The search is over for a 17-year-old Meriden boy who had been missing since being swept into the Connecticut River Sunday. His body was found Tuesday morning.
Jay Agli was swept into the Connecticut River in Haddam when he jumped in to save his 19-year-old sister, according to officials from the Department of Energy and Environmental Protection.
Police said state troopers responded to the Haddam Meadows boat launch a little after 5 p.m. Sunday to find the teen.
DEEP officials said Agli and another family member jumped into the river to save his sister and all three were swept away by the current. Authorities said it is likely that a wake swept the sister off a sandbar.
A boater picker up the sister and the other family member, but there was no no sign of the 17-year-old until 11:45 a.m. Tuesday when the state police dive team found him south of Haddam Island, off Haddam Meadows State Park, near where he went into the water Sunday.
Coast Guard said Monday that they believe the teen probably could not have survived based on the cold water temperature and the time that’s passed.
"All of them were taken by the current. A passerby in a vessel came and rescued the 19-year-old sister and another family member. The 17-year-old victim we're searching for was not recovered," Colonel Kyle Overturf, of DEEP Environmental Conservation Police, said.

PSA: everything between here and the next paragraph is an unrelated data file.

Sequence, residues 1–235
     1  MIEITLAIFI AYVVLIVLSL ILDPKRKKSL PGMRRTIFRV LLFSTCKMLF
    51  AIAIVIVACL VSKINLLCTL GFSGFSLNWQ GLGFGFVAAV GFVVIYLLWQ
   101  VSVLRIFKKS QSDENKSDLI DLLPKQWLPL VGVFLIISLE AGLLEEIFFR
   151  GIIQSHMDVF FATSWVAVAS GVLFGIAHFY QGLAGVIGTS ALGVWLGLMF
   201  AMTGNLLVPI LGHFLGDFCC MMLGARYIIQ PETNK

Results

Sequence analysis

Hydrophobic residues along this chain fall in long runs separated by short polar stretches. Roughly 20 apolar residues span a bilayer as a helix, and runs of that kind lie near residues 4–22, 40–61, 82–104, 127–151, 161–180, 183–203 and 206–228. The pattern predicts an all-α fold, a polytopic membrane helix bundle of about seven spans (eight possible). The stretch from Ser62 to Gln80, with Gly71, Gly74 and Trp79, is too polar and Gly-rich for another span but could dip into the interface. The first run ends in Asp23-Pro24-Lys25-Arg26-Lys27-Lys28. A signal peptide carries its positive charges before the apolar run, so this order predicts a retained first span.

Firefighters said this can be an especially dangerous time of the year to be in the river, with its strong currents and steep drop-offs, and they recommend that people swim in pools rather than in the Connecticut River.
"What may seem tranquil on the surface may not be what's happening underneath," Chief Robert Kronenberger, of Middletown Fire, said.
Officials were also trying to contact the boater who helped, asking the person to call 860-424-3333.
The State Police Dive Team, along with the state police helicopter, Trooper One, EnCon Police, U.S. Coast Guard, Haddam Fire Department, and Middletown Fire Department and Dive Team were all involved in the search.
People around the park Sunday said it was busy with people boating and cooling off in the water and regulars said the river can be tricky in the area.
“There's a very strong current on the outside of the sandbar, so you have to be very cautious when deciding to swim off the sandbar," said Amanda Katie Santos, of New York.
EnCon police continue to investigate and the state medical examiner will determine the cause of the teen's death.